Friday, 26 March 2010

    Good CoP

    Free book :OD

    In 2009 the Australian ePortfolio Project < > conducted a series of semi structured interviews from 14 online communities across the globe.  This research project was designed to elicit a picture of the types and methods of engagement afforded to these "virtual" eportfolio communities of practice (CoP).  RSC East & West Midlands very own virtual eportfolio CoP < > was discussed in terms of platform types, level of management/ facilitation, and participation engagement.

    This type of facilitating and supporting subject specific "forums" either F2F, online, or both, has long been a strength of the JISC  Regional Support Centres, and we were merely continuing the good work already being carried out across the UK by all RSC's.  The very nature of the online domain to support embryonic CoPs presents many new challenges, in terms of maintaining a manageable balance between facilitation, engagement by its members, and choice of platform. We were influenced by local successful CoPs, specifically as the elearning Best Practice run by Helen Walmsley(former RSC member),  .

    This collaborative venture between myself & Ben Williams (RSC East Midlands) also prove that cross RSC projects are essential, by reaping the benefits of sharing effective practice both internally and externally. It is hoped that others may learn from our experiences when considering supporting similar CoPs in their own areas.

    While I'm on the subject of eportfolios, I saw a demo of in-folio the other day.  It's been funded by JISC Techdis and developed (by the RIX centre)with UK specialist Colleges. I was impressed at it's ease of use and straight forward interface. Two years in the making, it goes from strength to strength, and was mentioned that it will be released as Open Source.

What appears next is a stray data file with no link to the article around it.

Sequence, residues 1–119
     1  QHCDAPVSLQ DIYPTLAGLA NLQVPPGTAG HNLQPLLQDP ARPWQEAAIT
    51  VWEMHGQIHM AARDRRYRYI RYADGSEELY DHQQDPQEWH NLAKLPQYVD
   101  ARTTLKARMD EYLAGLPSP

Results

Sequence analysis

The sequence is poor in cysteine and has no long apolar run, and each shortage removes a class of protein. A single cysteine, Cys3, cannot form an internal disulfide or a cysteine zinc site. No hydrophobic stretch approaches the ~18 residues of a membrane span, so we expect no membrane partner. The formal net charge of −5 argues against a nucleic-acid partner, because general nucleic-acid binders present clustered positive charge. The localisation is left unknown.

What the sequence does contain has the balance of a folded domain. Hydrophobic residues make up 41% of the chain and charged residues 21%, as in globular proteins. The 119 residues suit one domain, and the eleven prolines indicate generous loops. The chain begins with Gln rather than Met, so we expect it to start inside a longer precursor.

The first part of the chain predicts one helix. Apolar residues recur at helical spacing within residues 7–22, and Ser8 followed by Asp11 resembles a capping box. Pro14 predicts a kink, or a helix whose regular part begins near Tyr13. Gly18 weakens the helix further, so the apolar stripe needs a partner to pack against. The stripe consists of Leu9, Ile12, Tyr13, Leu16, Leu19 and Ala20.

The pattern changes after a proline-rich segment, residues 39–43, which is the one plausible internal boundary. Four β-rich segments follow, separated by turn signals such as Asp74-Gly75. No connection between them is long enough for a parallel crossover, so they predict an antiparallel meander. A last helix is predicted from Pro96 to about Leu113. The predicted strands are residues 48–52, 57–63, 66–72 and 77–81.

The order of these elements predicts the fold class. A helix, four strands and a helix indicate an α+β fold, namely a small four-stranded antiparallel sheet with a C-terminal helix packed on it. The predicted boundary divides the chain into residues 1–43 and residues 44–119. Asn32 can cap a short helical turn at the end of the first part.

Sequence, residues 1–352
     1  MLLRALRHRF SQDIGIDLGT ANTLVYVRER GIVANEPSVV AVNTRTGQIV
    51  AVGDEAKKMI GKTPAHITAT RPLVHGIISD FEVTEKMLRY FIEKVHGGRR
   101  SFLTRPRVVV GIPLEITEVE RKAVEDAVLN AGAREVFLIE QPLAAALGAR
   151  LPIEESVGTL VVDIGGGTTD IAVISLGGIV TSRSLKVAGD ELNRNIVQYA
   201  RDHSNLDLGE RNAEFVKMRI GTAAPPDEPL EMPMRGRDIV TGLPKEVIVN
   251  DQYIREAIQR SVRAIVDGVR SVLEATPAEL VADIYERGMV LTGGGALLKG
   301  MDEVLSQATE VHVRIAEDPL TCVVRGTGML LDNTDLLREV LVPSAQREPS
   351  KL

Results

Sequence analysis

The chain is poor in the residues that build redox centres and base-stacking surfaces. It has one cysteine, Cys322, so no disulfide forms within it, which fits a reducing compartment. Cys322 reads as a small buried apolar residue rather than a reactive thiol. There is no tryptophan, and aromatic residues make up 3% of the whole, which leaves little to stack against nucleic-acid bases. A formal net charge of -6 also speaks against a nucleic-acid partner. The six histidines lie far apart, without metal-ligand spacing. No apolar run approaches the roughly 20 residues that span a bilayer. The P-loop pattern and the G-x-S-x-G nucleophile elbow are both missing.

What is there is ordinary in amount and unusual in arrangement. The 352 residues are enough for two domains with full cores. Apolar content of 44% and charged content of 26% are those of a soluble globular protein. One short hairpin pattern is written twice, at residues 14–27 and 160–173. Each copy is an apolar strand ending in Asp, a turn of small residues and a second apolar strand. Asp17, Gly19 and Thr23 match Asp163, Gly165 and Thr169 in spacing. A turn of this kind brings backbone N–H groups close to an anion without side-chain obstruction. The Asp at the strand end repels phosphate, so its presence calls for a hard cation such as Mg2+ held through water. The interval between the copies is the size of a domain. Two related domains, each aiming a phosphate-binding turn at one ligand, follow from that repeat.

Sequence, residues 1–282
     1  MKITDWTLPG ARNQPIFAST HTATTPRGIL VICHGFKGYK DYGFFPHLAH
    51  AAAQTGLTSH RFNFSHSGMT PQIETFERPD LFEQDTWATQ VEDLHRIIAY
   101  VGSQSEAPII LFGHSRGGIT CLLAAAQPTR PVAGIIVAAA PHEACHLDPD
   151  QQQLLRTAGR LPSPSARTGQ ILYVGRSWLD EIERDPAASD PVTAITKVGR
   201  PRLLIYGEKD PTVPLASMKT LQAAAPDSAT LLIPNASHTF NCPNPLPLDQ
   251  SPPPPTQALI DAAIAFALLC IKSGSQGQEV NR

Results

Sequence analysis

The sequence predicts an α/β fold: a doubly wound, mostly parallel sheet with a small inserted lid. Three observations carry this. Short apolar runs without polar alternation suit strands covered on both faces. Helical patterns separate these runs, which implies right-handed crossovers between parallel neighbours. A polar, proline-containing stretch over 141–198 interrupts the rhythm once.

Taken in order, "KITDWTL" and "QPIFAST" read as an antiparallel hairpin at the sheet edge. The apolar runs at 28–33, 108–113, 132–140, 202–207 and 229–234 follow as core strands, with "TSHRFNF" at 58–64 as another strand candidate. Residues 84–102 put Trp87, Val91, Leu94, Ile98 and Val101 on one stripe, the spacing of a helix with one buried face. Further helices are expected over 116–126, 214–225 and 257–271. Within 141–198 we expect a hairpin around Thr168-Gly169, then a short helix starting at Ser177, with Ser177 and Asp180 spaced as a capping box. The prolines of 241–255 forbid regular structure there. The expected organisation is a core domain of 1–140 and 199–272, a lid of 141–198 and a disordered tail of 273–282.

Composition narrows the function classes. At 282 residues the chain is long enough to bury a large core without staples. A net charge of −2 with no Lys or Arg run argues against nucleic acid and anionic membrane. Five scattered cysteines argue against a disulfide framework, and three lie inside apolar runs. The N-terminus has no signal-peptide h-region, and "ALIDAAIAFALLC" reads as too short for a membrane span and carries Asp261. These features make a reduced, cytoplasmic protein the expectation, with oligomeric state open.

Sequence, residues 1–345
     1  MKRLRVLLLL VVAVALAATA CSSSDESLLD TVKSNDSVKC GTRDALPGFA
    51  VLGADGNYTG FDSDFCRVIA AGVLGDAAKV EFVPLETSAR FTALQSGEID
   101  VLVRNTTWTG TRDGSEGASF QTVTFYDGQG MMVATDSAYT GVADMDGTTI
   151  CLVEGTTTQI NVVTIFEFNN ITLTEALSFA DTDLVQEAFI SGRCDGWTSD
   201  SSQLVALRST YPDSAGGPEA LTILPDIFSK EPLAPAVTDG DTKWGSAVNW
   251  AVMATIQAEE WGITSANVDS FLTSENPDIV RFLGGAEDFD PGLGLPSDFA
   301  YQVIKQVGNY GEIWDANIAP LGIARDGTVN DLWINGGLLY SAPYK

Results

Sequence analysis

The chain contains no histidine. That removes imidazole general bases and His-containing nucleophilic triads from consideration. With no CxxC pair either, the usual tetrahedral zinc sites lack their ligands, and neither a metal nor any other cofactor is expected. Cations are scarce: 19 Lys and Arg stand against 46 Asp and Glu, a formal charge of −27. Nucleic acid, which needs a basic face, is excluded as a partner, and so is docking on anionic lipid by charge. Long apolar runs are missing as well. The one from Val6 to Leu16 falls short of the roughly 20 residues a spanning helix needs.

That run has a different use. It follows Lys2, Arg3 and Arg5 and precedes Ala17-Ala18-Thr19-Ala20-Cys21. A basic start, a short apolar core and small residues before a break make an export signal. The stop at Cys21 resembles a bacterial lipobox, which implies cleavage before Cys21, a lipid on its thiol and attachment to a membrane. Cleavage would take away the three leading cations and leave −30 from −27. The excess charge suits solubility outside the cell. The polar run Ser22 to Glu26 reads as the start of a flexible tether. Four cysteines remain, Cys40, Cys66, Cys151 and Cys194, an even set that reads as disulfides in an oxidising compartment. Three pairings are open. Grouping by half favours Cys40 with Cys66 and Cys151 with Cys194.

They have even developed an innovative image based log in function to assist those who cannot type. This project alone looks like it has potential to made logins easier for many (to eliminate the bane of multiple passwords) :

    Wednesday, 17 March 2010


    Are you a Maharan?  For those n00bs, who are wholly unaware of the parlance I've broken into, a "Maharan" is a dedicated follower/user of the Mahara eportfolio platform. Mahara is another best of breed Open Source learning platform (like Moodle), that has been developed in Australia/New Zealand.  Mahara has experienced meteoric rise to fame (again similar to Moodle) across the globe, due to its relative ease of use, ability to integrate into other systems (Mahoodle or MaGoogle), and the growing acceptance of personalised of learning.  The reason why I'm telling you this, is that I've just reviewed a very good book that's just been published by a good friend of mine Derrin Kent, and his dedicated team at UK Bewdley based TDM ltd.  Derrin is an all round good guy and is very experienced at levering ILT/e-learning solutions for Work Based Learning, Colleges and local companies using Moodle or Mahara for teaching or training.

    That experience Derrin has amassed is precisely where the scenarios that support each chapter of Mahara 1.2 ePortfolios are drawn from.  Derrin and his colleagues at TDM, have really gone out of their way to make this book appeal to all levels of interest and experiences, not just with eportfolios, but ILT in general.  It is written in a relaxed, yet informative style which draws the reader into trying out the bite-sized exercises, which form the lion's share of the book. At every step each chapter builds confidence, gives clear illustrations, and positively reinforces the theory by real world scenarios. The reader is constantly encouraged to "have a go hero", buy jumping online to a Mahara sandpit, to learn by doing.  Each step is explained and the chapters check learning, fully explaining the jargon and provide good examples of exactly why and how Mahara could (and should) be used.